Rod Kierkegaard Jr. is an American author and the creator of Rock Opera, a long-running comic strip appearing in Heavy Metal magazine. I spoke to him about his cartooning history while living in Paris, his love of television, and his new serialized fiction work The Vampire Circus.
In the new Amazon serial an old west pinkerton travels to 1920’s Europe to track down a traveling circus of vampires. The hunt leads to dark corners and into the lives of former circus performers and twin-sisters, Coco and Zuzu, now the toast of the Parisian jazz scene.
You’re currently writing fiction, but many people are familiar with you from Rock Opera. How long have you been writing fiction?
Actually, my comics began as illustrations to short stories that I couldn’t get published. Publishers hated the stories but loved the pictures. Rock Opera actually began as the story of a black man from another planet who had his face replaced by a mask after crash-landing on earth. He remained black through his years in an underground newspaper (inspiring the film “Brother From Another Planet”), but my publishers wanted him to turn white when he was picked up by Heavy Metal.
So were comics something you fell into then, or did you have a previous interest in cartooning?
Oh, I was terrifically excited and inspired by Metal Hurlant in the mid-70s. I tried to go to work for them several times — tried at Charlie Hebdo, too, but they didn’t like my style. Luckily other French magazines did.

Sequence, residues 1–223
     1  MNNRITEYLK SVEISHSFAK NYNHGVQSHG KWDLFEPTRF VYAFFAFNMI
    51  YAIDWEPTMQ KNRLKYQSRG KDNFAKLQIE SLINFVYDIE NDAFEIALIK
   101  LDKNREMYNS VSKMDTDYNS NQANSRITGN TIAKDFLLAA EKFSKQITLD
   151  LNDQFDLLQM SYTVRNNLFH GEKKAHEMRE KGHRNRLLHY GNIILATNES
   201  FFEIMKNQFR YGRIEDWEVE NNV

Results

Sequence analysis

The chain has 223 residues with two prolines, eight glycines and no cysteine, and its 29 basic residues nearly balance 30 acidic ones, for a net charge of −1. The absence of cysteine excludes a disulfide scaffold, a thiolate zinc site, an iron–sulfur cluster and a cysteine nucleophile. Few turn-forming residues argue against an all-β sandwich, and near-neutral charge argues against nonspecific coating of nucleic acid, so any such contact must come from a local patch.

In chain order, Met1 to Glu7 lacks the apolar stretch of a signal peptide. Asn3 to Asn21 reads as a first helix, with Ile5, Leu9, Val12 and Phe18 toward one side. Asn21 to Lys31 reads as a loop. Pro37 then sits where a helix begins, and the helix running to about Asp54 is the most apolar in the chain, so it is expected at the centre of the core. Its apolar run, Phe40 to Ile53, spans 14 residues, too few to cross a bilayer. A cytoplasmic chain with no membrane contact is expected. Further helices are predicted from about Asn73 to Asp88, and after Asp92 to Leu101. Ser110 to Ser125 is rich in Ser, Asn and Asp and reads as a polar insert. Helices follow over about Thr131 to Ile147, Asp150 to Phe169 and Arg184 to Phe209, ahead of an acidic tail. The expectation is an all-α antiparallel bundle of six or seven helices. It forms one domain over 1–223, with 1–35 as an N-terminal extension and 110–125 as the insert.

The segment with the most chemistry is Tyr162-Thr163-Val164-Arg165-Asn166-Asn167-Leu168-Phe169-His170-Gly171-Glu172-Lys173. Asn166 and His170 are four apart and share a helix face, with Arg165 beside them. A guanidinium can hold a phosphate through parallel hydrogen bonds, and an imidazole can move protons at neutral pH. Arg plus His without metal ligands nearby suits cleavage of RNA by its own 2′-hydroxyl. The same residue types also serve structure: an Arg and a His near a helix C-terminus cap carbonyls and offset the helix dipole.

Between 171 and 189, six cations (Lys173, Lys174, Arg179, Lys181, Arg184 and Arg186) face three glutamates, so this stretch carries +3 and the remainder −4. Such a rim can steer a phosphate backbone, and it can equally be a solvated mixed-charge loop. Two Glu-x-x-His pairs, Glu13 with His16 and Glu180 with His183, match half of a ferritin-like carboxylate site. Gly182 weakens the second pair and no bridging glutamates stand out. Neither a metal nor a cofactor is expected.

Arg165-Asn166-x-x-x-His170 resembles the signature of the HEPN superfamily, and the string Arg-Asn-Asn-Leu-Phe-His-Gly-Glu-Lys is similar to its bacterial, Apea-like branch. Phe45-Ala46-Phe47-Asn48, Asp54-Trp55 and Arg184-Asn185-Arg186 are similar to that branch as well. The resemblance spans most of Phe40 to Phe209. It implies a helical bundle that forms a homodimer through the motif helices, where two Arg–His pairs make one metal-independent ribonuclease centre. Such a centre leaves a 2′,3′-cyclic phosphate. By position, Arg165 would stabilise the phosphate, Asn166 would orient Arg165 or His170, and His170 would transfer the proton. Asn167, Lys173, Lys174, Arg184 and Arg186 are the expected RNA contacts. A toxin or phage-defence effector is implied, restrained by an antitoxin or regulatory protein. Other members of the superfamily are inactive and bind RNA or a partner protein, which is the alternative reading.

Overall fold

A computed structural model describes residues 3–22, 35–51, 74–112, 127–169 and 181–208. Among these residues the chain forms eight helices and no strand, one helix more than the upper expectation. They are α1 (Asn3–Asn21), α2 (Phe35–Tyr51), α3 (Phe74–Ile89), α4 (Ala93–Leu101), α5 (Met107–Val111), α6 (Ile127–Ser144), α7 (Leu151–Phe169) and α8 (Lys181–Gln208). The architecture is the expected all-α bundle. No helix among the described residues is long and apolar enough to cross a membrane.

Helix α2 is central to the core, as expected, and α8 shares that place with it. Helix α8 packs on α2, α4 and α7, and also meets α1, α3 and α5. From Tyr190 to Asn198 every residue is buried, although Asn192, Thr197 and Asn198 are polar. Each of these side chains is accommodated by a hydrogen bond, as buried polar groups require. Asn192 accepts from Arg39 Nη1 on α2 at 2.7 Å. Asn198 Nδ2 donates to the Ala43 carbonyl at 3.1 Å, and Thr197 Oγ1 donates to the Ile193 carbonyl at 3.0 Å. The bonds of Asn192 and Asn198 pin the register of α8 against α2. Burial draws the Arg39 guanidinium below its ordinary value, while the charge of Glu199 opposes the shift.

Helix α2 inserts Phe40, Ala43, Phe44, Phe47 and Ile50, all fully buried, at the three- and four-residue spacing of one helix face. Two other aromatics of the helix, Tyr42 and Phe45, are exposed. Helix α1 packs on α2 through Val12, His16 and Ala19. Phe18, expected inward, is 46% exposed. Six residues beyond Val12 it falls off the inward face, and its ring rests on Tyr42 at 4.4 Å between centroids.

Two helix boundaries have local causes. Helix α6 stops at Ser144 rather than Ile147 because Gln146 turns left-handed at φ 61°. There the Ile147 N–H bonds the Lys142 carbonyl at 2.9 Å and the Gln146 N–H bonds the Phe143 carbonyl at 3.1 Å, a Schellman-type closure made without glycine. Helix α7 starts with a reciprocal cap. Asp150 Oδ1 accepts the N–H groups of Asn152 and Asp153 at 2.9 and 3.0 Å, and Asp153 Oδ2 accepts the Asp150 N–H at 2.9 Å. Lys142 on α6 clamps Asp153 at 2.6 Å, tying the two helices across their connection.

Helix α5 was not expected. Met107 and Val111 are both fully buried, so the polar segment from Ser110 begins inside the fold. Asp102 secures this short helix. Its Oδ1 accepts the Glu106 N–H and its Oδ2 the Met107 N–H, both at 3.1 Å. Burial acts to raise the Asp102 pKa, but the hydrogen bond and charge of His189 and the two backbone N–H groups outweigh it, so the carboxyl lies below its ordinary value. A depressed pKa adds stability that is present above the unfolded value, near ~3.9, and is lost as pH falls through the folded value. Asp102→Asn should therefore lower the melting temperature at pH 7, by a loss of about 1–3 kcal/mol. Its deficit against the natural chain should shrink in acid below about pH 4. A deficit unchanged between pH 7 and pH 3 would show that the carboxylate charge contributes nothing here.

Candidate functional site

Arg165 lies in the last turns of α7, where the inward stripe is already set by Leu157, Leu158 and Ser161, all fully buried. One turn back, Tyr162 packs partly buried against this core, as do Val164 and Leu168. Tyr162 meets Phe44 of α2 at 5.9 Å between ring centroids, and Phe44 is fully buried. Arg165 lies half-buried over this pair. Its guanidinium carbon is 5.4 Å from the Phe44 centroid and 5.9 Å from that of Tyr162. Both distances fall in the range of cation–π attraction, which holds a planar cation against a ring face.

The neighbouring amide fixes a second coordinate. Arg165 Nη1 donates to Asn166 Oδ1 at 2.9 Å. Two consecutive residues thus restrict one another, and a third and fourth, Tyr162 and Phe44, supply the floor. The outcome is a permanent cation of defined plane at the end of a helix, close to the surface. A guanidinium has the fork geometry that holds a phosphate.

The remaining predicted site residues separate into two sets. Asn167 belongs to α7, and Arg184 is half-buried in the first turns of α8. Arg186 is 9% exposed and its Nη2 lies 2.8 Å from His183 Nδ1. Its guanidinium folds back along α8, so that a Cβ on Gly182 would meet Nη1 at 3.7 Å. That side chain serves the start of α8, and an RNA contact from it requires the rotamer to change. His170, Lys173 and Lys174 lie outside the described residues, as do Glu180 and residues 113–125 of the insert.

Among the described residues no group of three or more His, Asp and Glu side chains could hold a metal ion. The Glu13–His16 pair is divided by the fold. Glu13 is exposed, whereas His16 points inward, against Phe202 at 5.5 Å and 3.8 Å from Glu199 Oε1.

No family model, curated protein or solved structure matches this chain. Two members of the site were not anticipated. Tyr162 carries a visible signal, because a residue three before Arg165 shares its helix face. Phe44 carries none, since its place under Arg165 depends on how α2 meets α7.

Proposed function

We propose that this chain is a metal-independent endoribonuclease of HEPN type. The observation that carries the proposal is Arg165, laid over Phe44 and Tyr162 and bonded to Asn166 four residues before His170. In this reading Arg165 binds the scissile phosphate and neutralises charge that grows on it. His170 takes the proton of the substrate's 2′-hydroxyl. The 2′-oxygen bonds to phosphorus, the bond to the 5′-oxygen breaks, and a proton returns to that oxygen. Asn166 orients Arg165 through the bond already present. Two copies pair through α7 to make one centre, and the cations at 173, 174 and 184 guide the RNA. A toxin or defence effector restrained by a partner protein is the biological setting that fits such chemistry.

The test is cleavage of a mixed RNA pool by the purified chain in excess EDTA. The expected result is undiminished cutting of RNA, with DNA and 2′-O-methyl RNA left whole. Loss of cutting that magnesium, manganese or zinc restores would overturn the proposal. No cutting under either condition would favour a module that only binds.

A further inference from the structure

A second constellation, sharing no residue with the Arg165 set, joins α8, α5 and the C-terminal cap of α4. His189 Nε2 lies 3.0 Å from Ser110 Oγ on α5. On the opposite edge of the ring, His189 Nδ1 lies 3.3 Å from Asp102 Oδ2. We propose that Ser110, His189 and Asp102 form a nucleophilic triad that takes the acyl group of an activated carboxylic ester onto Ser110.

Were you living in Paris at the time?
When Heavy Metal picked up Rock Opera I had a job that I could do out of suitcase. My wife and I were living on a beach in Key West in 1981. We had to move, so for fun we both made a list of places to move to. Then we gave each a number. Paris scored highest. So we moved there with four suitcases, a cat, and $2,000.
As a cartoonist, what was Paris like in the early 1980’s?
In Paris in the 80’s, being a cartoonist was like being a rock star. Several of my fellow cartoonists at Albin Michel actually had entourages. It was a big thrill for me to meet several of the famous ones; I never got to meet Moebius, but I did become friends with Liberatore.
So did you indulge in the rock and roll lifestyle while in Paris?
Hell no. I was married and the whole time I was cartooning, I was also writing novels. I must have a dozen in the closet from that time. The secret to longevity as a writer or cartoonist is to marry young and stay married. It’s a miserable way of life, and you need someone to look after you. On insurance actuarial tables, writers have the shortest lifespans, followed by stuntmen and rock musicians.
When they hear Heavy Metal magazine, I think many readers may think of fantasy comics with scantily clad barbarian women. Rock Opera has a real literary feeling, especially in its treatment of the popular culture of the day. Was this a conscious decision on your part?